this equation is that since the short-run NAIRU is related to past lags of unemployment, inflation
and any other variables that help forecast changes in inflation, the short-run NAIRU may undergo
substantial fluctuations even if the natural rate of unemployment is a constant.

Equation (3) has several important advantages over equation (1). In contrast to the
conventional equation, the dependent variable in equation (3) is the change in inflation over the
target horizon. Second, the current NAIRU gap, u, -n,, is the only explanatory variable in the
equation and it subsumes all the predictive power of the equation. Third, the equation provides
an optimal forecast of targeted inflation, given current information.
The analysis of this paper will focus on equations (2) and (3) and on our corresponding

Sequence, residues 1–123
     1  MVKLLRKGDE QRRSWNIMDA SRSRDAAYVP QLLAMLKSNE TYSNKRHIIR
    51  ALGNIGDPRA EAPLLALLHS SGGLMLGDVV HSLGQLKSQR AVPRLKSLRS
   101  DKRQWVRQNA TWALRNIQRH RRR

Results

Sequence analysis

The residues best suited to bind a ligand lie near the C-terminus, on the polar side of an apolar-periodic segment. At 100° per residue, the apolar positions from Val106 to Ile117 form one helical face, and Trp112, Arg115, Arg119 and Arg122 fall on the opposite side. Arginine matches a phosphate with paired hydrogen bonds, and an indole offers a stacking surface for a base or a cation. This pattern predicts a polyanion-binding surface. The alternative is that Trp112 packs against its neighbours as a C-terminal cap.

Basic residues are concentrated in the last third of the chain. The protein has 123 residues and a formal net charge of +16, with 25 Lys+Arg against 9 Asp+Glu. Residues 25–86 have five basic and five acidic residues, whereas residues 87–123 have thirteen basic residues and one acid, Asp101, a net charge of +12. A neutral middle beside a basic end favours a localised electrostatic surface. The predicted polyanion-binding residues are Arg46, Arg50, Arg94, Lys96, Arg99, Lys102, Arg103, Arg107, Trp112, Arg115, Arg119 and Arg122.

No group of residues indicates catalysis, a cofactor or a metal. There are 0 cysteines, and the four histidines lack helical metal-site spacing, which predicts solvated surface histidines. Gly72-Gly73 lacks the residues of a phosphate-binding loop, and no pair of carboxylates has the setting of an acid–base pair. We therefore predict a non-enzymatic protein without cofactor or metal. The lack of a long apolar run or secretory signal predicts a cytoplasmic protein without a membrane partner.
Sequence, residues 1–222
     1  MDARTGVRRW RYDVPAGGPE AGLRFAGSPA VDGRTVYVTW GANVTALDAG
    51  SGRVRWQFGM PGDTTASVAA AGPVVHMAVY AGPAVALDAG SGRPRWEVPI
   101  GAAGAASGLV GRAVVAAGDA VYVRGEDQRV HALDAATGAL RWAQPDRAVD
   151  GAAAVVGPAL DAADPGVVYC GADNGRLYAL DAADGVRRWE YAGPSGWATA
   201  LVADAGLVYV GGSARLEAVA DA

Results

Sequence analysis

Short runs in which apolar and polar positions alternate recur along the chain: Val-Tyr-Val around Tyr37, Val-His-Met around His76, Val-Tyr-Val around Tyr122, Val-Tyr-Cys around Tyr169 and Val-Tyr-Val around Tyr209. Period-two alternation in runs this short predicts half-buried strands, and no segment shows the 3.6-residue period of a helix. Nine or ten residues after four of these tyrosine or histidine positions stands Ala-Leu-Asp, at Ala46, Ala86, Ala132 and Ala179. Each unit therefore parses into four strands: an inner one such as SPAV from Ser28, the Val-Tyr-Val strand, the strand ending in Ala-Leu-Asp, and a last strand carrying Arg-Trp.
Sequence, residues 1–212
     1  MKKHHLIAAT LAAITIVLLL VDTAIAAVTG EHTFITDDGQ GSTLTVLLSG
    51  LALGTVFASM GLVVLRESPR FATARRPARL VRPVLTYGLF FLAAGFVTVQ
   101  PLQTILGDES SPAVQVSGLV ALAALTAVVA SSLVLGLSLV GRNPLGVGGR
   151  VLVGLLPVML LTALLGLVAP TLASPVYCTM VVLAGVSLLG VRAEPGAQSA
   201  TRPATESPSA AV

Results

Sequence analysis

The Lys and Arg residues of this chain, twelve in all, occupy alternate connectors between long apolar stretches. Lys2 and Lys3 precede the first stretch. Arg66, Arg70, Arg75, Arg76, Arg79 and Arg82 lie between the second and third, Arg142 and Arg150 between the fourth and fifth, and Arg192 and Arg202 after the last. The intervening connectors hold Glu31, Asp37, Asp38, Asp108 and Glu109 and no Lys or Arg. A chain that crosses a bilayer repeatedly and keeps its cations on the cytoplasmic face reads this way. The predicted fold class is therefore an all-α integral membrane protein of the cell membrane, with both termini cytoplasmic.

definition of short-run NAIRU. For the purposes of theoretical analysis, we use a simplified
version of these equations with a limited lag structure. We return to the more general
specification, however, when we consider empirical estimates using monthly data in section 6.

3. The Role of the NAIRU in Policy-Making: the Certainty-Equivalence Case

3. l Objective Function with Inflation Only
For the theoretical analysis, we start with a simple joint model of unemployment and
inflation that is isomorphic to the one employed by Svensson (1997) with an output gap. In
addition to inflation 1t and an unemployment gap ii, the model contains an exogenous variable x
and a monetary policy control variable r. This model will be the basis for the next few sections of
the paper. However, some specific assumptions will be adjusted in subsequent sections in order
to address particular issues. Assume for the purposes of this section that the parameters of the
model are known with certainty.




where ii,= u, -ii and r, = the monetary policy variable. Equation (5) is a dynamic Phillips curve in
which both unemployment and x are predictors of inflation one-period ahead, say a year.